Hope that helps.

  4. My daughter was born 2/23/10 and weighed 8lb 2oz. We left the hospital she was 7lbs 8oz and severely jaundiced. She is now 7 months and weighs 16lbs 8oz. I was told I need to be feeding her more baby food. I currently give her 1-2jars one time a day at dinner. She usually nurses about an hour before eating dinner then again before bed about 1-2hours after eating. I was told she should be eating more because her percentile for her height/weight has dropped from the 50%'s to the 30%'s. I am afraid of feeding her more because I would like her to nurse as often as she is now so I can continue to breastfeed for as long as she wants. Should I be feeding her more baby food?

    1. It sounds like you are doing a wonderful job with nursing. 16 lbs. 8 oz. for a 7 mo. old is not remarkably small simply because it isn't at the top of the charts for the US. Consider her genetic makeup…how tall are you? how tall is her father? Sometimes it helps to imagine that there is an "average" size for a 30 yr old male…and it applies to the 6' 7" men as well as the 5' 2" man. It's ludicrous yes? The charts make just as much sense for babies. What you should be looking at is how is she nursing? are her developmental milestones on track? is she wetting well? alert?, hair shiny? eyes bright? Don't be so stressed with the number on the scale or where it falls in line with all the rest of the babies in the US if everything else is going perfectly.

  5. We need some help!

    Here's Levi's stats and other info.

    Birth – 7lb 3oz

    Discharge from hospital 6lb 11oz

    1wk – 7lbs

    2wk – 7lb 4oz

    3wk – 7lb 6oz

    4wk – 7lb 9oz

    5wk – 7lb 11oz

    6wk – 7lb 11oz

    * Poops on a regular schedule – once every other day, or every 3rd day. Been this way for three weeks.

    * We have 8-10 wet diapers daily.

    * He nurses every 45-90 minutes during the day, every 3-4hrs at night. He nurses from one breast 30m approx. I offer the 2nd, he's rarely interested.

    * He was tongue tied. It was clipped 10 days ago.

    * I pump 8-10oz daily on top of nursing full time and give him all of that pumped milk.

    * He's milk protein sensitive – I'm dairy free for him now.

    * He's happy. Alert, bright eyed, content after feedings, sleeps great! Strong, holds his head and neck up very well for his age.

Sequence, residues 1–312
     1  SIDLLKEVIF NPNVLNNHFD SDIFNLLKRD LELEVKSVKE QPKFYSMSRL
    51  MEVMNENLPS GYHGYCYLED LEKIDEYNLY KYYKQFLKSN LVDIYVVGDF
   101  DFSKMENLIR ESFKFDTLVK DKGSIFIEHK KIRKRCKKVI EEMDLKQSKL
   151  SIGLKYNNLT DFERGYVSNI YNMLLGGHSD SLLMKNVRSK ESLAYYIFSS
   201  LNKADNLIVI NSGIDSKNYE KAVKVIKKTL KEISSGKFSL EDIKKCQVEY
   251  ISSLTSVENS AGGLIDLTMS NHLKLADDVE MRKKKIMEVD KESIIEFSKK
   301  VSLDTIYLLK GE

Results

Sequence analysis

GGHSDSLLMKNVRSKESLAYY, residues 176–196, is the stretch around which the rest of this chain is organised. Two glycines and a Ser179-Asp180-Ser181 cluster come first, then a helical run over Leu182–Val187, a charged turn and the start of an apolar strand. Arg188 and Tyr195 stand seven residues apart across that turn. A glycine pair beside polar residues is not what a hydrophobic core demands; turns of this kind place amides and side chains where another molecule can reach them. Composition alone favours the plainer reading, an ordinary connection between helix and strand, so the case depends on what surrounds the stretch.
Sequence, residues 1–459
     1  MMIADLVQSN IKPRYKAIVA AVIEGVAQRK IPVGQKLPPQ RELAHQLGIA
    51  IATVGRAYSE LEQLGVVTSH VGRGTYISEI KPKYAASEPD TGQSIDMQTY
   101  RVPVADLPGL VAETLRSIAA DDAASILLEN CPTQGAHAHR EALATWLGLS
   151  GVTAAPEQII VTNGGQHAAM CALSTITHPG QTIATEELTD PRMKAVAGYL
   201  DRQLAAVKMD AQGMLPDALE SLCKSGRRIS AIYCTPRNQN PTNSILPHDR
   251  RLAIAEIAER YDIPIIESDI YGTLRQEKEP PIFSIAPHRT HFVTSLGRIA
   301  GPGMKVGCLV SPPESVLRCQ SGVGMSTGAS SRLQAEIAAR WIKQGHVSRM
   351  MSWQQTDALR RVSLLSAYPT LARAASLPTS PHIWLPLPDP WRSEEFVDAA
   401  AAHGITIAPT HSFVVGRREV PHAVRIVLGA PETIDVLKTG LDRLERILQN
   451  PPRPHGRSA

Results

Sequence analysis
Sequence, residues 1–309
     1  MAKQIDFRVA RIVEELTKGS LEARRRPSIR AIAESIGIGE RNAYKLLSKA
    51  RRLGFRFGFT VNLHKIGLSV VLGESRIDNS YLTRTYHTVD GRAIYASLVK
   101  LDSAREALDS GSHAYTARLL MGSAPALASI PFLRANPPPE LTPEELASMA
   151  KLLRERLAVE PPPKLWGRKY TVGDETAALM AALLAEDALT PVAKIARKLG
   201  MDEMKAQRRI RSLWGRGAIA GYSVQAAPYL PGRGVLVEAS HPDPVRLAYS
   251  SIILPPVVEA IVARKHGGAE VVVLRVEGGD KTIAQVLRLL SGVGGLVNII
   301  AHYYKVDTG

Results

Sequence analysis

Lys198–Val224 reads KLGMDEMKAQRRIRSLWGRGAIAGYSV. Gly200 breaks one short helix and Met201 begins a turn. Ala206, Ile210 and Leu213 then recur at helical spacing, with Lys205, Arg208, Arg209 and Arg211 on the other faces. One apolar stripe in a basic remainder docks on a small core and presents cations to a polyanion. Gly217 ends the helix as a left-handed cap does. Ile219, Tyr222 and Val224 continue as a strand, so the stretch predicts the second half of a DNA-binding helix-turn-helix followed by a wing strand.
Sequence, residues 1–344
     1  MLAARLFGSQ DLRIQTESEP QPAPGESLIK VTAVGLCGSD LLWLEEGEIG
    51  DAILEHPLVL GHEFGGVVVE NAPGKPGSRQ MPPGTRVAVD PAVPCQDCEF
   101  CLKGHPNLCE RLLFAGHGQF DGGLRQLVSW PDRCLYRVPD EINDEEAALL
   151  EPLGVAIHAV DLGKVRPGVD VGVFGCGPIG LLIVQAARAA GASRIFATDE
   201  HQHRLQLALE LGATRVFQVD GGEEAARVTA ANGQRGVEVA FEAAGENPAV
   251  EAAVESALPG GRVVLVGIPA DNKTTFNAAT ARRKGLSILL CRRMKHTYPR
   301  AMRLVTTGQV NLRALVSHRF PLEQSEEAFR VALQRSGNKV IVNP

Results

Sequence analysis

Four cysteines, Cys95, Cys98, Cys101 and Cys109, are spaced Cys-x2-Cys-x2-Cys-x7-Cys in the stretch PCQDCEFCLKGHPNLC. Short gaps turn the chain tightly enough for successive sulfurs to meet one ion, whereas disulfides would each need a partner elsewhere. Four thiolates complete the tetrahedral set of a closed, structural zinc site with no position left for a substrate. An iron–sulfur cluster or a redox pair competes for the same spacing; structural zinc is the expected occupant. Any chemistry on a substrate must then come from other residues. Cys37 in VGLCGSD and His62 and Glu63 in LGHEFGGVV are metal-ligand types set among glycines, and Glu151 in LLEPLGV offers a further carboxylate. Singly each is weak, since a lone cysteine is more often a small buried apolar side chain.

We saw the pedi today for a weight check and he was labeled FTT. She said that my breastmilk wasn't good enough. That it doesn't have enough fat and calories for him. I argued with her that breastmilk has MORE calories and fat than formula, but she said no. She instructed supplementation – 3oz of formula – Nutramigen – after EACH feeding. She said if he starts gaining weight after that, it's just that my milk isn't good enough for him and he needs more calories and formula would be better.

    Please help. We've worked through so many challenges only for me to be told my milk isn't good enough for my baby.

    1. Gaining a full pound in six weeks, wetting well, good bowel movements, active nurser is NOT FTT. You are correct that your breastmilk is better in fat than formula and a FAR superior fat at that. Formula is NOT higher in calorie than breastmilk is. Your Ped's information is very simply inaccurate. Remember that supplementing with your breastmilk 8-10 oz per day means that there is that much less stimulation at the breast from nursing. Nursing is by far the priority.

      How long have you been dairy free? A reaction to dairy can cause a lower weight gain, so don't be surprised if you see weight gain improve as you are off of dairy longer. Be vigilant about keeping out ALL dairy from all sources.

      Have you checked into your local La Leche League group? It would help you a lot to be around some breastfeeding knowledgeable people that can offer you some good support in the wonderful job that you are doing.

      Hope that helps.